If the Cardinals are able to complete their acquisition of star third baseman Nolan Arenado – under the terms as we know them now – they’ll add the best defensive third baseman of his generation. Kyle Newman of the Denver Post pegs the Arenado deal as the biggest trade in Rockies’ franchise history. Cardinals shortstop Paul DeJong certainly sounds pleased, saying on MLB Network Radio today (via Twitter), “…having a guy like Arenado in our lineup is going to completely change the way pitchers look at us.”
Arenado’s trophy case is full: five All-Star nominations, four Silver Slugger awards, and a Gold Glove for every season in the Majors (eight). A career .293/.349/.541 hitter, Arenado has created 39.1 bWAR/32.3 fWAR with a solid 7.9 percent career walk rate and solid 15.0 percent career strikeout rate. Though 2020 was a down year offensively, he became one of the toughest hitters in the game to strikeout, doing so in only 10.0 percent of his plate appearances.
All that said, he would head to Busch Stadium III with the usual caveats of a player leaving Coors Field. Namely: can he hit outside of Coors?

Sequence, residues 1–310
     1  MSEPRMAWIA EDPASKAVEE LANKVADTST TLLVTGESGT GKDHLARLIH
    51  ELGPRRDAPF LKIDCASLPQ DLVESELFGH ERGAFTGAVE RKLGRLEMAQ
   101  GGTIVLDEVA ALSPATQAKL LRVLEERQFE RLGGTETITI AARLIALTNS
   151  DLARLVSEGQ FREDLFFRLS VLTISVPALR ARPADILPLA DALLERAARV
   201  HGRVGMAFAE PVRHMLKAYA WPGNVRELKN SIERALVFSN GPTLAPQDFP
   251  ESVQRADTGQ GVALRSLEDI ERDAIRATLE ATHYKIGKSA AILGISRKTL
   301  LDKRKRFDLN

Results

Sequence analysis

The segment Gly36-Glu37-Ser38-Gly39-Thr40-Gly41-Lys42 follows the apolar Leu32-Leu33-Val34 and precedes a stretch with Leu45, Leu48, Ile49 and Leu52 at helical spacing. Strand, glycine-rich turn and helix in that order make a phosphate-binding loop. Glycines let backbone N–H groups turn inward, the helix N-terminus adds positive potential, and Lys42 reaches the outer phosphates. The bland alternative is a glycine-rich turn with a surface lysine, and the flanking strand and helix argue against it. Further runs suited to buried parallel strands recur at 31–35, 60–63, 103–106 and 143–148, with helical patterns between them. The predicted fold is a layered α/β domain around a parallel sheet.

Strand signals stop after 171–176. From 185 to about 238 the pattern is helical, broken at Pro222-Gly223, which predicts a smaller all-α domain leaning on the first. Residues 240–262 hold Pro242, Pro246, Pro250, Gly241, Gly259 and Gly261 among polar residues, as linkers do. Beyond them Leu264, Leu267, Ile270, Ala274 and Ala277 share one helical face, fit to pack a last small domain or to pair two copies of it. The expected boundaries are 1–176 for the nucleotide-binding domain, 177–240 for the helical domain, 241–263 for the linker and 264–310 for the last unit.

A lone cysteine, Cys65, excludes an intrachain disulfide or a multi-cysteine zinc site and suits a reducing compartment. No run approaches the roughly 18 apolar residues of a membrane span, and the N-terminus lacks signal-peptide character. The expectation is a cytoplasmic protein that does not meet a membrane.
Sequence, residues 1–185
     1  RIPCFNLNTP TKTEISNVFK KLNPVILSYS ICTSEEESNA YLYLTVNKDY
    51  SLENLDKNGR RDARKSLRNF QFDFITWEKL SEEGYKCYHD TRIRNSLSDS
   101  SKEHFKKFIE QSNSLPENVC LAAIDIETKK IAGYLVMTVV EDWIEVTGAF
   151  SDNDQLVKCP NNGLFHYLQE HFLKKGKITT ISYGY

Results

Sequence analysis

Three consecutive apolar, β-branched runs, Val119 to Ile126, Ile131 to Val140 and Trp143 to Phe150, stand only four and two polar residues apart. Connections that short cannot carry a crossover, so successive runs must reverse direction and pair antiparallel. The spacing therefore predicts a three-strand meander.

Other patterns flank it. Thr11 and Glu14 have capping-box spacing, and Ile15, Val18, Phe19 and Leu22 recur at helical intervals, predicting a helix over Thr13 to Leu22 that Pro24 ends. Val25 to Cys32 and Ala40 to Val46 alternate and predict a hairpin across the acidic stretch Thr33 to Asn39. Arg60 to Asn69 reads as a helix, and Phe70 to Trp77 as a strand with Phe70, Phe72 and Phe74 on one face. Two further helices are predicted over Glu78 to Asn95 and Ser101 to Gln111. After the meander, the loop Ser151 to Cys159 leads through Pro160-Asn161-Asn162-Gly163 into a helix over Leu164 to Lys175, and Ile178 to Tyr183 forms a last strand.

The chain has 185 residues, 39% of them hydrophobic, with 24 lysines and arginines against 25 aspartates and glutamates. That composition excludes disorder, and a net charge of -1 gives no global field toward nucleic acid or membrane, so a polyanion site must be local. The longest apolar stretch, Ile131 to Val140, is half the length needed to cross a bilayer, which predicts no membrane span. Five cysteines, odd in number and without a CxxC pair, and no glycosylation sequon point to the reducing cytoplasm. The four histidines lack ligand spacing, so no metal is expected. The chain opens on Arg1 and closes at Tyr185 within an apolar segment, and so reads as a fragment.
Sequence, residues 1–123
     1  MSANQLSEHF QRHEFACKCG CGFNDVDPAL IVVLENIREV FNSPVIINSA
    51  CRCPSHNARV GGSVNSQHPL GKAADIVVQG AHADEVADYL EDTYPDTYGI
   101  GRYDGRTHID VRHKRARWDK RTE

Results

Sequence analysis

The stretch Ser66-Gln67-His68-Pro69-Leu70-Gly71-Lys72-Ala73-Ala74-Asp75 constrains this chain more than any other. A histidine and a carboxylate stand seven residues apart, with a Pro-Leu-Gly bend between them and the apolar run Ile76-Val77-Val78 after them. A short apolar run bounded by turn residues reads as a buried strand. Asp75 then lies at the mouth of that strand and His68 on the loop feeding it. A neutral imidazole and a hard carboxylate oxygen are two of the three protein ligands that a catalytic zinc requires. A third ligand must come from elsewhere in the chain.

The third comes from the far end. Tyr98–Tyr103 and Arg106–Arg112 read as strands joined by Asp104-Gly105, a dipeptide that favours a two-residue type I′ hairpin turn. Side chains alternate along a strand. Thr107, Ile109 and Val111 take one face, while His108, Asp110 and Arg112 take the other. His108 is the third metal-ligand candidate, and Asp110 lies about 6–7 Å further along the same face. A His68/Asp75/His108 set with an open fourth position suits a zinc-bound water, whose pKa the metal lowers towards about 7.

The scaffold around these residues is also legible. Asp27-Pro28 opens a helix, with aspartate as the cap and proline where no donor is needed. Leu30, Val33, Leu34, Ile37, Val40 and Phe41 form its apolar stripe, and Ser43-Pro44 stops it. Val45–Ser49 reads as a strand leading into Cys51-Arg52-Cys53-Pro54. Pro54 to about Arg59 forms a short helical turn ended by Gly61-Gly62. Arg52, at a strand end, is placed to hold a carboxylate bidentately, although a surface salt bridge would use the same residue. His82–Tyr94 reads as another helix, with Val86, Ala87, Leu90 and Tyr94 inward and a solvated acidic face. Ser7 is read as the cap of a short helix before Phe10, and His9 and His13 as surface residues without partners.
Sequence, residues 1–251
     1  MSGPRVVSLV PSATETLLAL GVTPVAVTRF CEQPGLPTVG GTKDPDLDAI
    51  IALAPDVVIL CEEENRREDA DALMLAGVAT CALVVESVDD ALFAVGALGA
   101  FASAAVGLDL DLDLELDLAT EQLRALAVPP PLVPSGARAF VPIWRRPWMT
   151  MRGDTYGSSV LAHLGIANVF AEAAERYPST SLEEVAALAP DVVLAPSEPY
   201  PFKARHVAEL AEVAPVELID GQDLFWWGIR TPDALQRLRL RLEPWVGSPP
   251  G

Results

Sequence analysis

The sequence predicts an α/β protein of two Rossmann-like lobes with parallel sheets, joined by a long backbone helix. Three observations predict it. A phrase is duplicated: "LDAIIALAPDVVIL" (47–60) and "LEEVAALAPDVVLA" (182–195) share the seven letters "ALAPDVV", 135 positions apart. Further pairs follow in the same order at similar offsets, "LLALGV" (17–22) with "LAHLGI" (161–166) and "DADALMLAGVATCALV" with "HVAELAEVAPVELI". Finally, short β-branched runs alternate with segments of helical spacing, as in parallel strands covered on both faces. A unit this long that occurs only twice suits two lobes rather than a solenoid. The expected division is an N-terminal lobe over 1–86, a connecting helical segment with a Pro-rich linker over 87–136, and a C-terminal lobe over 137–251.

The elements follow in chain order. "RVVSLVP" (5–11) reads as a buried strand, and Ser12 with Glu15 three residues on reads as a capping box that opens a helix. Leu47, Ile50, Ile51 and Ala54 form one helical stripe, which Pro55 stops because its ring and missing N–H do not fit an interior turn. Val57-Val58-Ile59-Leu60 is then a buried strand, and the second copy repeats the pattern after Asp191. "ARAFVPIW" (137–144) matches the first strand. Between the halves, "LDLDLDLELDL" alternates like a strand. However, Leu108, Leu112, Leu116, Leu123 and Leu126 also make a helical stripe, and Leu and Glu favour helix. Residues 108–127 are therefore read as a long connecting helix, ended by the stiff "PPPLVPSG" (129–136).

Paul Goldschmidt can walk Arenado through the transition from face-of-the-franchise in the west to being just “one of the guys” crashing at Yadi Molina’s house. But to preview the shock-to-the-system Arenado may face taking his hacks so much closer to sea level, we can go a little further back to another Rockies’ superstar who went east for the latter half of his career: Matt Holliday.
Holliday averaged 154 wRC+ per season during his first five years at Coors Field, his age-24 to age-28 seasons (2004 to 2008). Over that same time span he posted 105 wRC+ on the road. For his part, Arenado is a career 128 wRC+ hitter at home and 108 wRC+ hitter away from Coors.
Visual learners can check this Fangraphs chart for his home/road splits by age, then do the same for Holliday. Holliday’s splits look nearly the same through age-30 before converging at the point in his career that Arenado faces now: 30 years-old and permanently changing his address from Denver to St. Louis.